"You see things differently when you read magazines and you seeing everybody having fun - you think, 'OK, that's where I want to be.' But once you get in it and you achieve the success that you want, it seems like that's when the playa hating starts. That's when everybody's like, 'Well, it's not all that. He's not all that.' I guess they just want it, you know what I'm saying? Sometimes when you stagnated and you can't really move to another level, that's the only thing you can do: complain or be jealous. I just want to get it myself. I was in a situation where I would see somebody with certain things that I want and I would just make moves to get it myself. I would never try to take somebody else's, because then it really wouldn't be mine if I took it from somebody else."
Like Christopher Wallace, SSUR, a.k.a. Russ Karablin, is not one to be satisfied with the status quo. From his start in the streetwear game as one of the official pioneers back in 1990, with absolutely no formal training in art or fashion, Karablin has built his operation from the ground up only to take his designs worldwide, creating a name in SSUR that goes hand-in-hand with adjectives as humble as quality, creativity and innovation.
Well, SSUR smashes the standards of streetwear once again, this time collaborating with acclaimed photographer Barron Claiborne to create The King of Brooklyn 3-Style Tees, including The B.I.G. Barron Claiborne Portrait Tee, The Biggie Gat Tee and Karmaloop staff favorite, The Biggie Skull Tee.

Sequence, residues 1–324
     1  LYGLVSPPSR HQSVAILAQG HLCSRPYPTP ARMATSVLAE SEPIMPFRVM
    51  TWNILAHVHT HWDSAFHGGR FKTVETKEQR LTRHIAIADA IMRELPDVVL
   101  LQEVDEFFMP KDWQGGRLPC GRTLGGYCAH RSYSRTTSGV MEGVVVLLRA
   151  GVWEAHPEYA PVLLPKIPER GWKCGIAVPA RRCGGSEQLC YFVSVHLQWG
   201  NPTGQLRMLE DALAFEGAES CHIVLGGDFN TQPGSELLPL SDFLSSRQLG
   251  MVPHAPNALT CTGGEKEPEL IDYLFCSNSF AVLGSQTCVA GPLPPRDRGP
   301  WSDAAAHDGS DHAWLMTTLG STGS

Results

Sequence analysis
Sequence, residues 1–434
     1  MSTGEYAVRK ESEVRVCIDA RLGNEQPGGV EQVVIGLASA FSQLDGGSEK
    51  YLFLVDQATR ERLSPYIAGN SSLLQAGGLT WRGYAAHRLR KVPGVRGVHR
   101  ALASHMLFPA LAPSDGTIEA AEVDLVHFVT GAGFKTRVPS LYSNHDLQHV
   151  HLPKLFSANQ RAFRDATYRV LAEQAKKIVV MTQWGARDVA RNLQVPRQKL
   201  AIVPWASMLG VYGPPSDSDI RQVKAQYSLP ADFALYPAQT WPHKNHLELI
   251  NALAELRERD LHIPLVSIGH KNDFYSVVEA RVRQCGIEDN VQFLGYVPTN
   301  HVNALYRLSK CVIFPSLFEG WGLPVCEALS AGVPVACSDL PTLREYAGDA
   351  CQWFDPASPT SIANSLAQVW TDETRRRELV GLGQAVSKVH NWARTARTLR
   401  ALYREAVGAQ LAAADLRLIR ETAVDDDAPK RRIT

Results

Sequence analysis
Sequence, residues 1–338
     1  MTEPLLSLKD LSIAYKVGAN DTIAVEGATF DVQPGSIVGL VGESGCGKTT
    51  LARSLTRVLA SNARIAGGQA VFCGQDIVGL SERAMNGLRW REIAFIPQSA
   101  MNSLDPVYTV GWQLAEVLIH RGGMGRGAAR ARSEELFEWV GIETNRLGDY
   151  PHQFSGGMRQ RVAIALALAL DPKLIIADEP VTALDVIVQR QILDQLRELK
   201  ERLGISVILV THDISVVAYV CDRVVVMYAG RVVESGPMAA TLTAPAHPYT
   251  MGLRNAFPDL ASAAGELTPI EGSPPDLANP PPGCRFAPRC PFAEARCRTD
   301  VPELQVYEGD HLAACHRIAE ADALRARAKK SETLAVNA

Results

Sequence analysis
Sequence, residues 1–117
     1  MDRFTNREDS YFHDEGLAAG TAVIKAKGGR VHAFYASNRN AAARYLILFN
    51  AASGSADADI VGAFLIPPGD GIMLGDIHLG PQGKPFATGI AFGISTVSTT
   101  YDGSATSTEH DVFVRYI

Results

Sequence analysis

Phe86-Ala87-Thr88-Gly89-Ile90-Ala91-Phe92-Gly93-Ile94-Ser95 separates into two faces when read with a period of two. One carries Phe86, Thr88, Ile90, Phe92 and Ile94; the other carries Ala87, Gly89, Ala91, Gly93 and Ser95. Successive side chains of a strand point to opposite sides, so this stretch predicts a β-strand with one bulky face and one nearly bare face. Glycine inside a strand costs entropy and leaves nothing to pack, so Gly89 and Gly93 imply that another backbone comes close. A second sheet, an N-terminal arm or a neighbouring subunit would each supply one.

Claiborne, a Boston-born and self-taught photographer who excels in large-format portraits, took this original photograph just days before Big Poppa's untimely death, an image that has been replicated, ripped, stolen, bootlegged and otherwise pillaged throughout the past decade. However, when longtime friend Karablin came calling, he and Claiborne created three new, original takes on the iconic flick, the standout being The Biggie Gat Tee where guns morph into the portrait, a take that highlights the all-too-real dangers of gun play which took B.I.G.'s life more than a decade ago.
The B.I.G. Barron Claiborne Portrait Tee is the image as it was taken, featuring Wallace's sad-eyed, "black and ugly as ever" mug beneath the crown he so rightfully deserved, while The Biggie Skull Tee is something almost tough to look at, and even more difficult to look away from. A simple study cannot help but conjure such thoughts as "what if," or "why," especially with the garbage that floods the game at its present. Nevertheless, Biggie is gone, and he is not coming back. While that is ultimately difficult to accept, one can always take solace that no matter what, no matter how short Wallace graced us with his impressive presence, he will always live through us and inspire our strive to be the best at what we do, to never settle, never compromise. Real talk. Real tees. Unbelievable.
Check out the rest of the SSUR line at Karmaloop here.